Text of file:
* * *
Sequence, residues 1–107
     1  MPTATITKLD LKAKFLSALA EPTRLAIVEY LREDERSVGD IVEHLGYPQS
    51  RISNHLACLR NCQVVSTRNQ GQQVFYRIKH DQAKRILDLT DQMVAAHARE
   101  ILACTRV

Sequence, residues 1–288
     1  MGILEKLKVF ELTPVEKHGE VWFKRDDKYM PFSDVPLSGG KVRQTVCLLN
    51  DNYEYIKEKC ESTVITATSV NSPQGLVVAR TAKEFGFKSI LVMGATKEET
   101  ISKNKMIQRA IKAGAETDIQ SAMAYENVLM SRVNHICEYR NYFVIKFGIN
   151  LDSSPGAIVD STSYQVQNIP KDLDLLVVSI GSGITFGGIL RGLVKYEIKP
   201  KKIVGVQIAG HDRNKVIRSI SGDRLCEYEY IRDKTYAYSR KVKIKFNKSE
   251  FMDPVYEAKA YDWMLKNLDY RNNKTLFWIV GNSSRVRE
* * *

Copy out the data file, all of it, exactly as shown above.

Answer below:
Sequence, residues 1–107
     1  MPTATITKLD LKAKFLSALA EPTRLAIVEY LREDERSVGD IVEHLGYPQS
    51  RISNHLACLR NCQVVSTRNQ GQQVFYRIKH DQAKRILDLT DQMVAAHARE
   101  ILACTRV

Sequence, residues 1–288
     1  MGILEKLKVF ELTPVEKHGE VWFKRDDKYM PFSDVPLSGG KVRQTVCLLN
    51  DNYEYIKEKC ESTVITATSV NSPQGLVVAR TAKEFGFKSI LVMGATKEET
   101  ISKNKMIQRA IKAGAETDIQ SAMAYENVLM SRVNHICEYR NYFVIKFGIN
   151  LDSSPGAIVD STSYQVQNIP KDLDLLVVSI GSGITFGGIL RGLVKYEIKP
   201  KKIVGVQIAG HDRNKVIRSI SGDRLCEYEY IRDKTYAYSR KVKIKFNKSE
   251  FMDPVYEAKA YDWMLKNLDY RNNKTLFWIV GNSSRVRE